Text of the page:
For years, the U.S. Chamber of Commerce and other business groups have tried to slow the proliferation of class actions. The reason seems obvious enough: Corporations don’t relish the prospect of being ordered to pay huge settlements to thousands of customers who band together and sue over faulty products or bad behavior. Yet the chamber argues the real reason class actions should be curbed is that they’re ineffective: Many of the cases are dropped or get thrown out by the judge. And even when the plaintiffs win money—like in 2011, when Bank of America agreed to pay $410 million to settle complaints about its overdraft fees—a lot of the money goes into the pockets of plaintiffs’ lawyers, not regular Joes. In the BofA case, attorneys came away with $123 million.
It’s hard to say whether this is true in most cases, in part because the courts don’t keep records on how class actions are resolved. So last year, the chamber hired attorneys at Mayer Brown to conduct a detailed study tallying up the winners and losers. A major firm that represents the chamber and big companies including Medtronic and Nestlé, Mayer Brown isn’t exactly an impartial arbiter. Still, the report’s conclusions, released in December, are illuminating—for reasons its authors might not have anticipated.
The study looked at 148 consumer and employment class actions filed in federal court in 2009, far enough back in time that most of them, 127, have made it through the legal system. According to the report, none of the cases went to trial or resulted in a court judgment in favor of the plaintiffs. Forty-five of the cases were voluntarily dropped by the plaintiff who filed the suit. Another 41 were deemed without merit and dismissed by a federal court. All told, 40 cases reached settlements. It’s not known how much plaintiffs got in any of them, because the details weren’t made public.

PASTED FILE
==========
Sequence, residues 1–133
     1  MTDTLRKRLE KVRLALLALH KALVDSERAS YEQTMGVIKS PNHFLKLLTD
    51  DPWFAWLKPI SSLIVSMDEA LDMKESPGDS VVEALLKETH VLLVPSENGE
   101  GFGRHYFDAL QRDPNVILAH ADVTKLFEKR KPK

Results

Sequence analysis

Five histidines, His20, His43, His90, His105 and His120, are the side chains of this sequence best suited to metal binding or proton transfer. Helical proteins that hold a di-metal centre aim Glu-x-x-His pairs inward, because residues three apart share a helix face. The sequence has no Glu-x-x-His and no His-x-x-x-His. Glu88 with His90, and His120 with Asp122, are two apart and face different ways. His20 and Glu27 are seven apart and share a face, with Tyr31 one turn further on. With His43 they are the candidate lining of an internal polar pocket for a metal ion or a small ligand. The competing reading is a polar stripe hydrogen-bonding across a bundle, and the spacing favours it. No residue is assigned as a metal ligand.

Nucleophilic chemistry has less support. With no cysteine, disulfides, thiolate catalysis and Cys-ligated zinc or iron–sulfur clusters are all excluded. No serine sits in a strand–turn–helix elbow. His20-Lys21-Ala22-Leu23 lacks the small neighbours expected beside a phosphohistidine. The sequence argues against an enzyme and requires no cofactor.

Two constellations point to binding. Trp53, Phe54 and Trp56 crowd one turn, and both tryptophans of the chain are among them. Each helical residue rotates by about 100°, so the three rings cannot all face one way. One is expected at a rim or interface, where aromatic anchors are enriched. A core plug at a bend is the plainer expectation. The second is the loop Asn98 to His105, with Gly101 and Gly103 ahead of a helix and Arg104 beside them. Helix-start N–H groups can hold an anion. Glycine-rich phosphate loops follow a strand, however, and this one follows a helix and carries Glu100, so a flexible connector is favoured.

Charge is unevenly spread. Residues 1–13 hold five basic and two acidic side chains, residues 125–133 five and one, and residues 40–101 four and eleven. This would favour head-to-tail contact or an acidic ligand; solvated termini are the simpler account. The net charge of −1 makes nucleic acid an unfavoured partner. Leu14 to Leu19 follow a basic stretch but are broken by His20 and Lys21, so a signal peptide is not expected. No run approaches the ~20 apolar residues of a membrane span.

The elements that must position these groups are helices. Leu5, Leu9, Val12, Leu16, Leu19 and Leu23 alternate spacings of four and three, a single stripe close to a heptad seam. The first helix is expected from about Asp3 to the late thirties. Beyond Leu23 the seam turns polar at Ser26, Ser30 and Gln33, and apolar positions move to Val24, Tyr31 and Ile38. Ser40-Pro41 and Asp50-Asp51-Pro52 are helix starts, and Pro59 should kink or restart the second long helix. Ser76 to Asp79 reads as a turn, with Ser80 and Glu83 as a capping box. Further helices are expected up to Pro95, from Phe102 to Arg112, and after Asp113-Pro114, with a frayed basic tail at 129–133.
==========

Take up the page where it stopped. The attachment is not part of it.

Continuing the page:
The study’s authors did find some settlement data for six of the cases. In one, a New Jersey payment processing company, whose computers were hacked, settled for $1 million with customers claiming their credit card information was compromised. Of the estimated 130 million people who may have been affected, just 11 filed valid claims for payments of up to $175, according to the study’s authors. That’s a rate of 0.000006 percent. If each of them got the maximum, the awards would have totaled $1,925. Plaintiffs’ lawyers on the case were given $606,192 in fees, plus $35,000 in expenses.
Another case, involving a Kansas propane distributor that settled with customers who said the company marketed prefilled tanks as full when they allegedly were not, had a claims rate of 12 percent; of the 128,406 class members, 15,773 filed to collect. Again, court filings didn’t say how much individuals received. Had each claimant gotten the maximum $150 payout, it would have added up to $2,365,950. Lawyers were awarded $7.25 million in fees and expenses, the study’s researchers say.
The chamber has trumpeted the report as evidence that class actions don’t help plaintiffs. That’s murky at best, given the study’s short time frame. What it shows most clearly is how secrecy surrounding these cases makes it impossible for the chamber or anyone else to draw solid conclusions about their effectiveness. “The benefit to actual class members is almost never revealed,” the report concludes. That came as a surprise to Andrew Pincus, the study’s lead author and a seasoned attorney who’s represented AT&T and other major corporations. “You hear these anecdotes in these settlements where people don’t really get anything, and then you hear further anecdotes of a settlement of $20 million, but it’s behind this veil of secrecy,” Pincus says. “I was sad to see how little data there is.”
The way the system is set up, there’s little incentive to share details. Corporations don’t want to reveal what they’ve had to pay out, and plaintiffs’ lawyers don’t want their fees to make headlines. Until that information is made public, “we don’t have the data that would enable a policymaker who really cares about the facts to make a wise decision,” says Deborah Hensler, a class-action scholar at Stanford Law School. She argues that, for all their flaws, class actions are an effective deterrent to corporate misbehavior.
It wouldn’t be difficult to unearth the numbers, says Hensler: “There’s no reason why a judge can’t order lawyers to submit a report to the court at the end of a case, detailing how much money was actually claimed by class members, how many of them came forward, how much money was collected—and more.”